Center for Community and Entrepreneurship — Queens, New York
Status: Design Development
Category: Mixed-Use Commercial
Team: Chris Leong, Dominic Leong, Gabriel Burkett, Alda Ly, Christopher Lee, Yu-Hsiang Lin, Jessie Baxa, Dale Strong
Collaborators: JCJ Architecture
Leong Leong, in association with JCJ Architects, has designed the Center for Community and Entrepreneurship, a new mixed-use community building for the non-profit organization Asian Americans for Equality (AAFE). The 90,000-square-foot, seven-story hybrid building at the prominent corner of College Point Boulevard and 39th Avenue in Flushing, Queens will include a community marketplace, public event spaces, a new business incubator, administrative offices for AAFE, and commercial office spaces.
A Vertically-Integrated Community
Four interlocking volumes with outdoor terraces—each corresponding to a different use—give the building its distinct form. A sweeping outdoor plaza, designed as an interface to the surrounding neighborhood connects a 5,000-square-foot public market directly to the street. On the second level, a multi-purpose event is open and flexible for different configurations like community programs, meetings, and performances. Large doors open directly onto a terrace space allowing the event space to expand to the exterior. On the third floor, an incubator will provide co-working space for small businesses and start-ups to collaborate and connect with. AAFE’s Flushing program offices will be located on the fourth floor, and office spaces available to emerging and established businesses will occupy floors five through seven.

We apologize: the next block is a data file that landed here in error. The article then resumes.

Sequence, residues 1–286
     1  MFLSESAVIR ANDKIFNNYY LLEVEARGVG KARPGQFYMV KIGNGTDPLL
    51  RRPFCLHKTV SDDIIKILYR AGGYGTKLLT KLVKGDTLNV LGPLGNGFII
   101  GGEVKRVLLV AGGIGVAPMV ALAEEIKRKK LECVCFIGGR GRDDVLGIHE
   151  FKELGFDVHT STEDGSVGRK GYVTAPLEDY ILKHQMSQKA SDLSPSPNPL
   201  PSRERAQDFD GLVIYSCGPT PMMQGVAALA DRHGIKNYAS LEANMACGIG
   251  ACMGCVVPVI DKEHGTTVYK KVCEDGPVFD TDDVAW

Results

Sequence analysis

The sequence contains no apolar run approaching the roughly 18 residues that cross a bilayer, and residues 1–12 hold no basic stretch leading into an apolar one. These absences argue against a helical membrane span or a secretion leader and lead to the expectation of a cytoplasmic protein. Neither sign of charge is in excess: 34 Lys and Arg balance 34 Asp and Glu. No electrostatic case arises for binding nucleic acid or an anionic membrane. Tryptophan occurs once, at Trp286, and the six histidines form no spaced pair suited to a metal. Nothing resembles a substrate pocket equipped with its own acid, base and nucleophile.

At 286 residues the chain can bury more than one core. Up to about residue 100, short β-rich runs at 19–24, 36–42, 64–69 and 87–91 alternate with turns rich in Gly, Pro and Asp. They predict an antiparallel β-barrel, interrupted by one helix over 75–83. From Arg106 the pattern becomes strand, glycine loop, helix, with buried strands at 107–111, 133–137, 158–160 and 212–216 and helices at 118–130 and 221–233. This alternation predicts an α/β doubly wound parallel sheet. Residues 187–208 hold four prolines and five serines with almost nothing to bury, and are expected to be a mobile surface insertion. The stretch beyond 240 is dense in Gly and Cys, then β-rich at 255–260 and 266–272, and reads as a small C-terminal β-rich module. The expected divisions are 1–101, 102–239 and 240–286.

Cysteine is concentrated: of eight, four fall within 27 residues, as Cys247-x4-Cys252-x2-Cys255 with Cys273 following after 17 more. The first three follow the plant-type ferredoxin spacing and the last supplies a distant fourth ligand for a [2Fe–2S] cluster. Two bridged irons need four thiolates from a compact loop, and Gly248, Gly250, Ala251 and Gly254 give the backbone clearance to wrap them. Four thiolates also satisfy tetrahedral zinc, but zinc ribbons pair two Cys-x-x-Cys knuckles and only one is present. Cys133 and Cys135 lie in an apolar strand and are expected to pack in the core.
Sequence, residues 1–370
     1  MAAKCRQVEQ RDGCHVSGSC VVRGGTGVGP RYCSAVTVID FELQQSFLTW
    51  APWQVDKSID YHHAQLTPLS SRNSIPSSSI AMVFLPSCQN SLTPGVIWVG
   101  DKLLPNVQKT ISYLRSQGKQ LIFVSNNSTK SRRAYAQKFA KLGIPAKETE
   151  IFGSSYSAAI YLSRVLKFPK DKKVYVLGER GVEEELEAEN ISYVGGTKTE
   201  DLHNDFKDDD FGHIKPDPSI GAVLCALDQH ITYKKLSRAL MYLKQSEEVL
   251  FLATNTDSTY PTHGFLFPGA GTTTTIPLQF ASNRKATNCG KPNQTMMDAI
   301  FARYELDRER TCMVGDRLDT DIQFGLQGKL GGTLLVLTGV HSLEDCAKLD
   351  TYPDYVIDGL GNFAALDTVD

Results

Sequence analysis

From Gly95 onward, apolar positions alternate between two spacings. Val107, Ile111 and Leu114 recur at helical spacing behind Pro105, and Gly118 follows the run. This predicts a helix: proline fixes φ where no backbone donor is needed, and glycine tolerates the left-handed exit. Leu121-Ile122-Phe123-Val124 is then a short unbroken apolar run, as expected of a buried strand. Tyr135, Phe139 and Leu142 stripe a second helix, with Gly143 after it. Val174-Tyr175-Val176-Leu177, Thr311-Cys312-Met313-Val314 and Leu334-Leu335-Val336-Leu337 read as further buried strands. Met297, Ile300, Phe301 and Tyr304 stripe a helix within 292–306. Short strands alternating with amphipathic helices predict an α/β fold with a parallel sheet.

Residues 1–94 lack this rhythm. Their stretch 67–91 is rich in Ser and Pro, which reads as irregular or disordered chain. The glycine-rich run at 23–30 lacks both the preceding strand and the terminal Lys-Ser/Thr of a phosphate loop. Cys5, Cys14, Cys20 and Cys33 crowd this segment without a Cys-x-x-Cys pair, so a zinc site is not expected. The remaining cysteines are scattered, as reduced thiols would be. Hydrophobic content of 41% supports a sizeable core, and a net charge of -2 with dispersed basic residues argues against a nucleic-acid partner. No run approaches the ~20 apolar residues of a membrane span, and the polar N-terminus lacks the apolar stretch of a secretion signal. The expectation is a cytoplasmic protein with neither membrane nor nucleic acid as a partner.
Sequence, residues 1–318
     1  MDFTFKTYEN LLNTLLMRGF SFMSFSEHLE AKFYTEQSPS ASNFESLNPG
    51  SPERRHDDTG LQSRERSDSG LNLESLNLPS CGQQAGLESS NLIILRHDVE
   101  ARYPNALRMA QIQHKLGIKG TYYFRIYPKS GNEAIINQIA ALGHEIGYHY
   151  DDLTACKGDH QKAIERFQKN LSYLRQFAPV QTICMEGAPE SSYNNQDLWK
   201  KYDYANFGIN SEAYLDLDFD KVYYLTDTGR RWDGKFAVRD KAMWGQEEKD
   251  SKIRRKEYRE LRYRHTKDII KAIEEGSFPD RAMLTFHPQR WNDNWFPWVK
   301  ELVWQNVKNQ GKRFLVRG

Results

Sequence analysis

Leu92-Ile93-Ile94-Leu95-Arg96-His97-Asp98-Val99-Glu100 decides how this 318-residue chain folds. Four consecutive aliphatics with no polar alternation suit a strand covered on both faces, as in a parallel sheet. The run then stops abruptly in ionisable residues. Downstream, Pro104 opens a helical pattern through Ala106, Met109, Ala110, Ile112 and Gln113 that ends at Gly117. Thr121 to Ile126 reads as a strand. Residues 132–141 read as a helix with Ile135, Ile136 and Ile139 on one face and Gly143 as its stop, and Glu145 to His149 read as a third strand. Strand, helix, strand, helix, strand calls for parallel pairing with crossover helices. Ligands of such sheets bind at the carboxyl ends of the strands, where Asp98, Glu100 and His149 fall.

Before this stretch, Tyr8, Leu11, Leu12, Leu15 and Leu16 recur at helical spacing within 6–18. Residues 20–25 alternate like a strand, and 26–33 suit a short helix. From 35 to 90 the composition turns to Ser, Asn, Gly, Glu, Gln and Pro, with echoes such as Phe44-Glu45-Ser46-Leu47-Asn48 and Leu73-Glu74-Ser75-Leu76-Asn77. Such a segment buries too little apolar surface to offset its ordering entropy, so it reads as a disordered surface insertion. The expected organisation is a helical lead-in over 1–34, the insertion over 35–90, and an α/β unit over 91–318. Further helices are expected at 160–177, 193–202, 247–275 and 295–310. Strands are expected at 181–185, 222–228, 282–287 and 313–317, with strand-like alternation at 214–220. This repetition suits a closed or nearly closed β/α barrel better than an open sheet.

A Vertical Interface
A three-story open staircase functions as a vertical interface between floors, encouraging collaboration and interaction among its varied users. At the ground floor, the staircase provides terraced seating for the public market. On the second and third floor, the staircase can transform into an event and performance space for screenings, lectures and other community-based events. The informal spaces of circulation become primary spaces for interaction and exchange—turning the architectural promenade into a social accelerator that blends public space and work space.
The envelope of the building is a gradient of transparencies, maximizing visual connection at the street level while maintaining a distinct silhouette as an urban landmark from afar. The most transparent lower two floors contain the most public programs maximizing interaction with the neighborhood at street level. As the programs become more introverted at the upper floors, the opacity of the curtain wall increases but still allows for views of the Flushing Creek waterfront to the West. At night, the sculptural form of the interlocking volumes will be expressed in the varying luminosity of the façade.